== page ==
[Milton-L] Crucial punctuation in The Book of Common Prayer

Carol Barton cbartonphd at earthlink.net
Fri Sep 14 10:13:44 EDT 2007


I believe the intent is that God the Father is Justice; the Son is the Word of God made flesh (in a non-figurative sense, intelligible to human beings); and the Holy Ghost is the soul, the anima, the spirit that is breathed into the created to give them life (which leaves the inanimate body upon death). The Holy Spirit that sat "brooding on the vast abyss" breathed life into the inanimate world the Father created, "and mad'st it pregnant"--therefore he, the Holy Ghost, is "the Lord and Giver of Life"--he who rules over and imparts life--not the "Lord God" in the sense that that single-word epithet for Yaweh/Adonai/Jehovah would be used.

Modern services at Cripplegate (as well as at the modern Episcopal church where I learned my catechism) enunciate the phrase that way ("the Lord and Giver of Life" in a single breath). If I recall correctly, it is almost impossible to determine who would have served as Rector at Cripplegate during the period when Milton would have been most likely to have attended services there--and I don't know how we could even begin to guess as to how that congregation would have said the prayer without at least that much to go on.

Best to all,

Carol Barton


----Original Message-----
>From: Roy Flannagan <roy at gwm.sc.edu>
>Sent: Sep 14, 2007 9:57 AM
>To: milton-l at lists.richmond.edu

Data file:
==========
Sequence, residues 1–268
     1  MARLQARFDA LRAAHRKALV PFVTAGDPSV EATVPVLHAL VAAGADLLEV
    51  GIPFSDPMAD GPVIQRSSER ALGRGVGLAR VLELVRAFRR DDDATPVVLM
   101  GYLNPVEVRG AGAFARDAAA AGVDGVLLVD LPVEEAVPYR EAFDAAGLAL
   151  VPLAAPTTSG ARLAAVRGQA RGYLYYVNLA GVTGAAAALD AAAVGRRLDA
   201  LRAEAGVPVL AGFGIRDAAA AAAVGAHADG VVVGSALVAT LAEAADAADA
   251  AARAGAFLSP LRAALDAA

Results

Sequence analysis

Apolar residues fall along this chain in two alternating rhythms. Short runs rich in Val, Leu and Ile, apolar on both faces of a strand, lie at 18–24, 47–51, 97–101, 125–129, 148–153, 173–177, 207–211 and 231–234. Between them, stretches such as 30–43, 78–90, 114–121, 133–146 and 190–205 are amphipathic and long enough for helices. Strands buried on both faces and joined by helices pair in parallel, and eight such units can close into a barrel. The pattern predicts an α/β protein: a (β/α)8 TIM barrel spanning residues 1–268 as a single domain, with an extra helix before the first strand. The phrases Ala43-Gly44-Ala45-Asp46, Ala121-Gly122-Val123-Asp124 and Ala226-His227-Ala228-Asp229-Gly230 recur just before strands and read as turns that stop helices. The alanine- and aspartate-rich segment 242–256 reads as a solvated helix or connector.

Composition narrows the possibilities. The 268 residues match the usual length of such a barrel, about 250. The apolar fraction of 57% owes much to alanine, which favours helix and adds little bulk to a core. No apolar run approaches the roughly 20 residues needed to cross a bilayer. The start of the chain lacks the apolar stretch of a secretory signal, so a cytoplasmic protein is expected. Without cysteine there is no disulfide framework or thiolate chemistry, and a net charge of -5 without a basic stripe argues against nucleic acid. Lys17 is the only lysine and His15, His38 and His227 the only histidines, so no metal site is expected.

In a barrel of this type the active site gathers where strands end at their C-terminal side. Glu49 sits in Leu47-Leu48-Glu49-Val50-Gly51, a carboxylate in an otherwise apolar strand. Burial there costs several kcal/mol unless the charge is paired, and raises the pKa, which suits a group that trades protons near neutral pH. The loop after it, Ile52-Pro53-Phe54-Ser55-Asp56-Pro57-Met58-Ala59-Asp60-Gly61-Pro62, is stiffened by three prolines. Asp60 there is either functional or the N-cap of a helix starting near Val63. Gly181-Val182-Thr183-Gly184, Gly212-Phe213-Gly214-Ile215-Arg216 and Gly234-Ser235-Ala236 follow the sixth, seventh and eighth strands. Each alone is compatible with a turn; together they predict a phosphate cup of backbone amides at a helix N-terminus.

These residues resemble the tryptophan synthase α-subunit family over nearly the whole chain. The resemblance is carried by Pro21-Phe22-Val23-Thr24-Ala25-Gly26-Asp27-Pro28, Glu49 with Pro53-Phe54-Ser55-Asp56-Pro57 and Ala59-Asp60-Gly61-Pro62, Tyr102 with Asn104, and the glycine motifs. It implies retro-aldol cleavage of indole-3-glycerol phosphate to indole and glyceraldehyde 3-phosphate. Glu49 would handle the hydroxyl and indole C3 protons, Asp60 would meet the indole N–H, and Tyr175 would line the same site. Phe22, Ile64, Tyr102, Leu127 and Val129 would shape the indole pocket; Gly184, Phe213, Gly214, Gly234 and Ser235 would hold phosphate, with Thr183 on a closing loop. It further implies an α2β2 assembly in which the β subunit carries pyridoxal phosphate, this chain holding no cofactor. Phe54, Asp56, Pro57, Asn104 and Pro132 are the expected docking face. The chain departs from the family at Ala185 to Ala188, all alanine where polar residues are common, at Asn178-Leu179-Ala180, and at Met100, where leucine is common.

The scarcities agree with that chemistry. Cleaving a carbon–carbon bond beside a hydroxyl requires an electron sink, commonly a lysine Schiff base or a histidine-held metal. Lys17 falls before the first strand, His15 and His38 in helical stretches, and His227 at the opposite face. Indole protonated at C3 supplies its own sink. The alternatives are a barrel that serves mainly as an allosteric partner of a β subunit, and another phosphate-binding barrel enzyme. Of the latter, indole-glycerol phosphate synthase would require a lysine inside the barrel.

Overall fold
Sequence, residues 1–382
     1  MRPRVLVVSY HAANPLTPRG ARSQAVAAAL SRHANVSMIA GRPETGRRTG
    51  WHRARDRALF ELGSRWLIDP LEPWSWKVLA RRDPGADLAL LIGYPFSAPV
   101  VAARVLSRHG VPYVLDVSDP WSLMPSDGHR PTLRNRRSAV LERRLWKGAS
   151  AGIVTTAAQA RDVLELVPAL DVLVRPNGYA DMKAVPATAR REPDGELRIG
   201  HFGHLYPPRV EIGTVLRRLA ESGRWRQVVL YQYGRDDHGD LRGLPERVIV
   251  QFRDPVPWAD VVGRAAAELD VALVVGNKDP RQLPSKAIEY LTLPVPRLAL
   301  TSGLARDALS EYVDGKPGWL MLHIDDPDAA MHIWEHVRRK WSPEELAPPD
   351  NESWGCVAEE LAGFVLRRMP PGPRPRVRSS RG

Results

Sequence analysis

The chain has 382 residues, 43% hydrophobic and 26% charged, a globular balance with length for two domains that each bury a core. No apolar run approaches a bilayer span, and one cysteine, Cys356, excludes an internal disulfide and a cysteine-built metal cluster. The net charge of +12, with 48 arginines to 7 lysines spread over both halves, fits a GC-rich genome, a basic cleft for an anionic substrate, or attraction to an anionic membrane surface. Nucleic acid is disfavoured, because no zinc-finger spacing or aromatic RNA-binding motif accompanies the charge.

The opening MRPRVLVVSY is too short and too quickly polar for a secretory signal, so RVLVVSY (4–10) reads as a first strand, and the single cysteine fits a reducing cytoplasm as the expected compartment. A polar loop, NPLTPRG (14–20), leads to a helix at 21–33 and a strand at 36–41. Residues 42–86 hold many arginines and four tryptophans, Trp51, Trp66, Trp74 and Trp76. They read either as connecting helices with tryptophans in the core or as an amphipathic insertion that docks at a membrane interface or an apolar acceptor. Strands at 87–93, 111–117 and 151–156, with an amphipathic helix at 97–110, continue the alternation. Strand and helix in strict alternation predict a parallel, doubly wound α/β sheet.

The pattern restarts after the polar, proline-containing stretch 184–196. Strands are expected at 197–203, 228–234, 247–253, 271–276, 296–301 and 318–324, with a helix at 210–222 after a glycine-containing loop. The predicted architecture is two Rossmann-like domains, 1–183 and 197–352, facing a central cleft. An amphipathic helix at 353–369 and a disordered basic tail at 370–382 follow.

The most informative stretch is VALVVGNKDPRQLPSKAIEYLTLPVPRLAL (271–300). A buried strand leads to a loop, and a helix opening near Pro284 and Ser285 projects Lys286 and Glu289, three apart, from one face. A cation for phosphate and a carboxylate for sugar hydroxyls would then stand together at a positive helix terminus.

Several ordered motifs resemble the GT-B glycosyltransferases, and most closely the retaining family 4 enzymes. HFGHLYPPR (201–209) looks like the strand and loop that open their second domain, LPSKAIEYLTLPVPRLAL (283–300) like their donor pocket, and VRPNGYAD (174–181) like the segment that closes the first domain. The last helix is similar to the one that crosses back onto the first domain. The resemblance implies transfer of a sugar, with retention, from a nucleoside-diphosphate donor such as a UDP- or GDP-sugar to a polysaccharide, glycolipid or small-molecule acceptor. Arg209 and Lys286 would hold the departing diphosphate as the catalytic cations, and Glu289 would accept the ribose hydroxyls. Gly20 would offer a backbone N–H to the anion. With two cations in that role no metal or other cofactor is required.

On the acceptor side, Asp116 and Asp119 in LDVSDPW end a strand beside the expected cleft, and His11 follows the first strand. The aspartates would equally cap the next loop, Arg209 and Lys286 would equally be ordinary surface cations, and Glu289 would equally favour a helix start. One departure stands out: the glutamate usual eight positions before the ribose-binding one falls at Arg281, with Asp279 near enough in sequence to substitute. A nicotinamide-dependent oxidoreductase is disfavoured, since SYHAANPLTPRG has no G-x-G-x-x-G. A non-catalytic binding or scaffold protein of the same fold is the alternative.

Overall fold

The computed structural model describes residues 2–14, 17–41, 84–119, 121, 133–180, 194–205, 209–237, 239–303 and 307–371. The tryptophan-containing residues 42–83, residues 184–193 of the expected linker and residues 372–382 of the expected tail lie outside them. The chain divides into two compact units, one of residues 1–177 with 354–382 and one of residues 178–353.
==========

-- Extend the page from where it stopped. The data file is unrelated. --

>Subject: [Milton-L] Crucial punctuation in The Book of Common Prayer
>
>Perhaps the kind of ignorance of earlier prayer-book phrasing has caused
>what may be the modern equivalent of the Joannine comma the list has
>been discussing.  
>
>Here is something I noticed in the 1977 Book of Common Prayer that
>seems to indicate confusion about the Trinity: in the Nicene Creed,
>recited in the Holy Eucharist Rite 1, the priest and congregation
>together say "And I believe in the Holy Ghost the Lord, and Giver of
>Life, who proceedeth from the Father and the Son; who with the Father
>and the Son together is worshiped and glorified; . . . ."  
>
>But in fact they don't say it as punctuated: they say "And I believe in
>the Holy Ghost, the Lord and Giver of Life," leaving me, at least,
>confused about subdivisions of the Holy Ghost.  Is the Holy Ghost, the
>third member of the Trinity, defined as "the Lord," separated from
>"Giver of Life," or is the Holy Ghost supposed to be defined as "the
>Lord and Giver of Life."  How is the Holy Ghost supposed to be a giver
>of life: is that the dove that broods?  And, aren't all three of the
>members of the Holy Trinity to be spoken of as one, the triune God?
>
>The 1559 Book of Common Prayer agrees with the local South Carolina
>congregation "And I believe in the Holy Ghost, the Lord and giver of
>life, who proceedeth from the Father and the Son, who with the Father
>and the Son together is worshiped and glorified, . . . ." (Booty's
>edition, which is collated and is not a facsimile, done in 1976; but
>notice the lack of capitalization in "giver of life").
>
>Would some theologian/Miltonists step up to the plate here and explain
>how to subdivide the duties and responsibilities of the Holy Ghost? 
>Perhaps Michael Bauman can tell us how Milton might have recited the
>lines had he attended services at St. Giles Cripplegate?
>
>Roy Flannagan
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